Last week I visited Blackpool for the first time, to help facilitate an event with local residents looking at high street renewal. The event was organised by The Glass-House Community Led Design in partnership with our Design Group and Historic England, to collaboratively explore how historic high streets can be reimagined to better serve their local community.
Historic high street regeneration has recently received a £95 million investment by the government, and Historic England is managing a big chunk of that to help 69 projects in England to find new ways to revive their historic high streets. This funding includes a cultural programme (in collaboration with Arts Council) and requires meaningful engagement between different partners (local authorities, businesses, cultural and civil society organisations, and community groups) to celebrate and enhance the uniqueness of these places through sustainable interventions.
Blackpool is one of the places in the programme and we were keen to explore the perceptions of local people about their place, its problems and its potential. Blackpool is a well-known seaside resort with identifiable landmarks such as the Blackpool promenade and North Pier, the Blackpool Tower (below), and Winter Gardens, a large entertainment and conference centre which we were pleased to have as our venue for the evening. The town boomed in the decade after the war, however many factors led to its decline, such as transport connections, people’s travel preferences etc. Tourism remains the main source of its economy, but the town is highly deprived in multiple fronts: employment, health, crime and living standards. With various regeneration projects already under way, our focus was on bringing people together to explore what they perceive as unique in their place, what are their needs and aspirations and how they can achieve them through collaborative working.
To start the conversation participants were organised in groups and each was invited to consider one of four keywords: sustainability, diversity, connection and power. The workshop was very fast paced; in the course of 2 hours, about 30 participants went from discussing the keywords, to generating ideas for actions to address the issues identified, and to building a model to represent their idea.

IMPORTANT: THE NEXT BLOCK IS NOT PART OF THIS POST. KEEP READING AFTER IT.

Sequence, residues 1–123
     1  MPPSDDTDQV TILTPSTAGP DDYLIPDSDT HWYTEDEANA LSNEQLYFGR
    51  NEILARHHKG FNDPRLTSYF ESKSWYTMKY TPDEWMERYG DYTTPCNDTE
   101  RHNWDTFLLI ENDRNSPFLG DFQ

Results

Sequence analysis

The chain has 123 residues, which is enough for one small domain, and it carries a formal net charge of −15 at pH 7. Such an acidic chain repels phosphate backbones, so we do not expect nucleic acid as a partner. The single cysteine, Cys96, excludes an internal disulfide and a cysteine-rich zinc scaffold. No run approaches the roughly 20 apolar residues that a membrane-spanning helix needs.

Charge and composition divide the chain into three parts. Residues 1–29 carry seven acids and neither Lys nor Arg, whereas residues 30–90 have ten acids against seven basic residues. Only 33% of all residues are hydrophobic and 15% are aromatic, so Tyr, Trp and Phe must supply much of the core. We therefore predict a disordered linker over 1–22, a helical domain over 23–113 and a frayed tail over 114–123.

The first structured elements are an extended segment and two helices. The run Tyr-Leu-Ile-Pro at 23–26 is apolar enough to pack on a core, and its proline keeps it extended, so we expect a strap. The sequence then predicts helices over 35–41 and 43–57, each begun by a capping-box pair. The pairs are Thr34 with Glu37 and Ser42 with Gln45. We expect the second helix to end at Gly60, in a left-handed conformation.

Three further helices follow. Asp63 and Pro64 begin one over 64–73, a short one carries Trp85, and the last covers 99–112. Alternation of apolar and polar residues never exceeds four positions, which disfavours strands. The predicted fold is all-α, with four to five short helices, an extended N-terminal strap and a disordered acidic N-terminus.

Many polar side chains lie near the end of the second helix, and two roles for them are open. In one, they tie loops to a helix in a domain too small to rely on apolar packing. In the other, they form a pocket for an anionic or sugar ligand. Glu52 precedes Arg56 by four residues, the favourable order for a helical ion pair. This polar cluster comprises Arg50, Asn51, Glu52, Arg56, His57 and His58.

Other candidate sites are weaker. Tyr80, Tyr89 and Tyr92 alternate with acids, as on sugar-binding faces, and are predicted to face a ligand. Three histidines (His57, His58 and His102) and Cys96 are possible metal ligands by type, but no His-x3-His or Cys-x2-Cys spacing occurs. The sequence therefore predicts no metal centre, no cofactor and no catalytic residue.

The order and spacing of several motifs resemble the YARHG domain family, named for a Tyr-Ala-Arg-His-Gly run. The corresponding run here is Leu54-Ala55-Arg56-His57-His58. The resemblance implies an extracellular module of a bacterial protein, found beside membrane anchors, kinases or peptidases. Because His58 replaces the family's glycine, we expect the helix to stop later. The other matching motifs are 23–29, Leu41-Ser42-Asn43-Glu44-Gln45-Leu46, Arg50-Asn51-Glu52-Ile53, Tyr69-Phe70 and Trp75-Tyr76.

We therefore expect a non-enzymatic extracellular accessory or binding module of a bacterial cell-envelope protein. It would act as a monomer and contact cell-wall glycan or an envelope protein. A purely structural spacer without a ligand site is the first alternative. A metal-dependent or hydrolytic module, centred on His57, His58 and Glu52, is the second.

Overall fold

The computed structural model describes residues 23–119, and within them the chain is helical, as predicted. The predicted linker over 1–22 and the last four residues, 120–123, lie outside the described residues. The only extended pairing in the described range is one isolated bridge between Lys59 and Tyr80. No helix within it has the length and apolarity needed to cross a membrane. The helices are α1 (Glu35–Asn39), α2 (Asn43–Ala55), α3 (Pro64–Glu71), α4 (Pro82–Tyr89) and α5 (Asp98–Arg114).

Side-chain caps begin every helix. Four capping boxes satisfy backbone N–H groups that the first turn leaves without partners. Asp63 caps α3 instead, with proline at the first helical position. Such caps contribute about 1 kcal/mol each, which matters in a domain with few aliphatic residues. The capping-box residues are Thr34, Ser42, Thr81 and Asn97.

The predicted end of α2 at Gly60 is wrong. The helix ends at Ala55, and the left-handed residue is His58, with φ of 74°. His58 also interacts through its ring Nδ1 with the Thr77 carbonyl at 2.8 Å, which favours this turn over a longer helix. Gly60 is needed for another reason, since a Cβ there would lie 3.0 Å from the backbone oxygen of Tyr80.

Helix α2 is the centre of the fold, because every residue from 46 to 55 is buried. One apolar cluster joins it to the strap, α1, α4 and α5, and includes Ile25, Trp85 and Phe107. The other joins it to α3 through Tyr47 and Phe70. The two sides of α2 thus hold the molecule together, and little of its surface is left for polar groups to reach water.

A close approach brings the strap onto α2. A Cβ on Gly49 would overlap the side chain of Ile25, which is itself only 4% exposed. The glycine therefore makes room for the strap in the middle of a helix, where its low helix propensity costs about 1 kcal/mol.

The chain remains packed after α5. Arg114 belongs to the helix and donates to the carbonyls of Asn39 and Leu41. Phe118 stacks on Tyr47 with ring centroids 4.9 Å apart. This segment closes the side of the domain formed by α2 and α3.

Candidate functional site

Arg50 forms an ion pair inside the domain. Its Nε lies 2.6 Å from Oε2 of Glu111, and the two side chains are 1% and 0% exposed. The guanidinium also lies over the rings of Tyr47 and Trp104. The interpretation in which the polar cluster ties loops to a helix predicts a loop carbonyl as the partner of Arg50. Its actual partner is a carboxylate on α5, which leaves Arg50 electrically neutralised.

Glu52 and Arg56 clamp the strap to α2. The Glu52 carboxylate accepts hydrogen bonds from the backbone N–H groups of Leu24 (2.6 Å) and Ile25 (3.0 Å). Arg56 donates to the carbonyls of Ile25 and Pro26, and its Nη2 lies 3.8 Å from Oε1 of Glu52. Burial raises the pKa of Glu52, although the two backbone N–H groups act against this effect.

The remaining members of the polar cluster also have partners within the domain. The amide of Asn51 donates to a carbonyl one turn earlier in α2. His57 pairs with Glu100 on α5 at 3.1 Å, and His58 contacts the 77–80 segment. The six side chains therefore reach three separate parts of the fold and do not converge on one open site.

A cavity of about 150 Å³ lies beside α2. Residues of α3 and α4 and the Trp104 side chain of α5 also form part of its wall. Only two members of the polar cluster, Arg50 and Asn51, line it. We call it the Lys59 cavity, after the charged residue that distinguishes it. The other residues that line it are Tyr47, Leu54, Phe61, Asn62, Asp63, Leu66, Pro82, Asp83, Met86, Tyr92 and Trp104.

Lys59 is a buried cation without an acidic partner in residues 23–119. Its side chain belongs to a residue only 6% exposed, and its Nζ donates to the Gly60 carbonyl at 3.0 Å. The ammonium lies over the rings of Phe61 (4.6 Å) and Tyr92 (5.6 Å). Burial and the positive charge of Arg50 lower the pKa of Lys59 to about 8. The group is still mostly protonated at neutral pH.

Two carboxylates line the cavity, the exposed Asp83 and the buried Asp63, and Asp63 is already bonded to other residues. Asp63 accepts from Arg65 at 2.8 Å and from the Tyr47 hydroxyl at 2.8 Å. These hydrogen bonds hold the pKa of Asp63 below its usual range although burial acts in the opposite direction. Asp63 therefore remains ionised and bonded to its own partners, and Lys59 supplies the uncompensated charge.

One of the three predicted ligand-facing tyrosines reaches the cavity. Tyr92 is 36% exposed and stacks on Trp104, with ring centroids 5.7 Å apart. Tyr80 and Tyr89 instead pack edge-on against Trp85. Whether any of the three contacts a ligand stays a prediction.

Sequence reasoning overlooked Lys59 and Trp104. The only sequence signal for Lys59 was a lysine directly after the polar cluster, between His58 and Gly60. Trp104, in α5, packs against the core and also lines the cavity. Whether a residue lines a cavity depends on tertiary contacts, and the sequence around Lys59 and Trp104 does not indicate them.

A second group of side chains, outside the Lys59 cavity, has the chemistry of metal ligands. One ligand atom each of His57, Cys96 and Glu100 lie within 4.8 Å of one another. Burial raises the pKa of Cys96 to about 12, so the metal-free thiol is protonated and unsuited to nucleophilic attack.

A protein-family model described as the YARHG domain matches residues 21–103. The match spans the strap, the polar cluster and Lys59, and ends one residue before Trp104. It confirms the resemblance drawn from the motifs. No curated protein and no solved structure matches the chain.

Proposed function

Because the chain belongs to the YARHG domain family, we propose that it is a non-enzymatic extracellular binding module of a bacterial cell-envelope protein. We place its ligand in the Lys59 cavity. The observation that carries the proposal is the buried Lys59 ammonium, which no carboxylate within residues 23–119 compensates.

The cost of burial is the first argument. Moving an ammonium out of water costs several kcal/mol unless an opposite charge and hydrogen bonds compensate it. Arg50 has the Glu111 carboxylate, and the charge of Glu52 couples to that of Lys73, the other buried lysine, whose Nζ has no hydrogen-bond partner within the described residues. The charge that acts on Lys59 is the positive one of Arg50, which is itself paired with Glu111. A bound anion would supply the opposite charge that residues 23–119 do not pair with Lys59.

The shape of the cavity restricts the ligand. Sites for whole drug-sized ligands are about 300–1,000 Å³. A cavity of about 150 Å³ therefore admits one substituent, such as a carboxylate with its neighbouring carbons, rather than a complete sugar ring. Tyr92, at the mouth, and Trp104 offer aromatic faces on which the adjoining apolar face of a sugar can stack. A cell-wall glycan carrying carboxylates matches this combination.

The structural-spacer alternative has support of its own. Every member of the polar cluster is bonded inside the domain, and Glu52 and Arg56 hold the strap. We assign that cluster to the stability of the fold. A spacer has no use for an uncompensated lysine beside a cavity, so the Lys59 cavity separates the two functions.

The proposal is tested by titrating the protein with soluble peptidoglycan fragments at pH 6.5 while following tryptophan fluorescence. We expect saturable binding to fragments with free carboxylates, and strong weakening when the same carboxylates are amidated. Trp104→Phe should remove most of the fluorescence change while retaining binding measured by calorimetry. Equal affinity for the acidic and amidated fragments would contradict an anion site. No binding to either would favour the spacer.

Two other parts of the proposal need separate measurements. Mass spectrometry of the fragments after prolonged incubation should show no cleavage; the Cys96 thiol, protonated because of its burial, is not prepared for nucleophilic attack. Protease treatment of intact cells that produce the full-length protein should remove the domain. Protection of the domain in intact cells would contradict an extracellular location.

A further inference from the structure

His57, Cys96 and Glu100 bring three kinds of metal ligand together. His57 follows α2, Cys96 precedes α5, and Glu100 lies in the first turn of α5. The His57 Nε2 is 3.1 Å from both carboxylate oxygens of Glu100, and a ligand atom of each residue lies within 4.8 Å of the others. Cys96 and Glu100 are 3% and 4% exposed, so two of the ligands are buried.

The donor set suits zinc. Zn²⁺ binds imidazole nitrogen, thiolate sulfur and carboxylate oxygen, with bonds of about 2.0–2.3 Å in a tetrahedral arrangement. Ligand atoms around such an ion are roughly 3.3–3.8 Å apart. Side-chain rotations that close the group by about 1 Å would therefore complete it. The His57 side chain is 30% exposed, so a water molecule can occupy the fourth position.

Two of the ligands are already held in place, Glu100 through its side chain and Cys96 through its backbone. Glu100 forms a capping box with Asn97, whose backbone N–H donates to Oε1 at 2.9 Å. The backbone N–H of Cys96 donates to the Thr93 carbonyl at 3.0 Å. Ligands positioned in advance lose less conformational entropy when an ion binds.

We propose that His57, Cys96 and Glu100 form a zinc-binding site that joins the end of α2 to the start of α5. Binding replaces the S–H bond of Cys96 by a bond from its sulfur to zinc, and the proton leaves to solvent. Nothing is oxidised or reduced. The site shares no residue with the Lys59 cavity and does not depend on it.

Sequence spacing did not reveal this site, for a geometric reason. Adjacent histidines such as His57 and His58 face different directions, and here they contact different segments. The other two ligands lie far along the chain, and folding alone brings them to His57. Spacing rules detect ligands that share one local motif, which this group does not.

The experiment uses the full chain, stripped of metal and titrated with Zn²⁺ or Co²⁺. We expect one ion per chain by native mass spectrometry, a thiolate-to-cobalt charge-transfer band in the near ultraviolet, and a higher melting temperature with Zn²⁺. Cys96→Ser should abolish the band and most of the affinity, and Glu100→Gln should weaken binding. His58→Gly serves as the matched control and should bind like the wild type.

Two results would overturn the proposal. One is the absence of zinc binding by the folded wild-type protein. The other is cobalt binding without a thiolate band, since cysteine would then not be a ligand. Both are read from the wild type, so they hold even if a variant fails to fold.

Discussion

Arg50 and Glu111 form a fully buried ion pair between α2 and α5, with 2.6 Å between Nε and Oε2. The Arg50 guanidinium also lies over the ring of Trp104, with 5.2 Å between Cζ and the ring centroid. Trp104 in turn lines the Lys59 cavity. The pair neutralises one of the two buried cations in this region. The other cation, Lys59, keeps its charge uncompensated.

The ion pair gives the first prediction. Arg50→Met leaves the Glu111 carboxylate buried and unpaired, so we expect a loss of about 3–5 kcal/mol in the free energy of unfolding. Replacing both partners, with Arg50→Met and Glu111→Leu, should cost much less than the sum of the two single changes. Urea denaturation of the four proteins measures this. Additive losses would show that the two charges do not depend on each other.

I was sat at the diversity table. We discussed diversity from different perspectives, in relation to culture, age, and disability but also as a mindset, a guiding principle for action. We talked about integration, empathy, and about alternative, more inclusive, ways of being and acting. With these came different requirements about the quality of spaces in the town and the types of activities or functions they perform or enable. We talked about green spaces, and about activities that are not strictly economic in nature, where people can meet, interact and learn from one another. The main idea that emerged in my table was that of taking unused shops and creating spaces which the community can occupy and use for a variety of activities. The model incorporated gardens and food growing spaces, spaces for young people, quiet spaces, repair shops, spaces for art, sports grounds, and a learning centre.
The sentiments were similar in the other tables. They all emphasised a need to reconnect with the natural environment, and a need to bring people together and nurture community activity. Interestingly the focus was on the high street (and indeed there were diverging perceptions of where the high street is in a town like Blackpool) but on the town centre as a whole. A sense of pride about the town, its history and its people, was undercurrent among participants in all age groups, which to me showed that there is plenty of untapped potential to build on.
How all this may feed into the High Streets programme remains to be seen, but I felt that people left the room with some new ideas, some new connections and a renewed willingness to make things happen. In my view, a key to success in the long term will be to adopt a truly inclusive attitude to collaboration, to extend reach and make communication transparent. I had a very diverse table, with ‘pensioners’ working alongside young people, entrepreneurial spirits and environmentalists, but there is still a way to go to adopt and scale up the approach of the workshop within the regeneration programme.
I will be following with interest what happens in Blackpool, and hope I get to visit the town again when it is summer!
The photo of the Blackpool Tower is courtesy of Sophia de Sousa, The Glass-House Community Led Design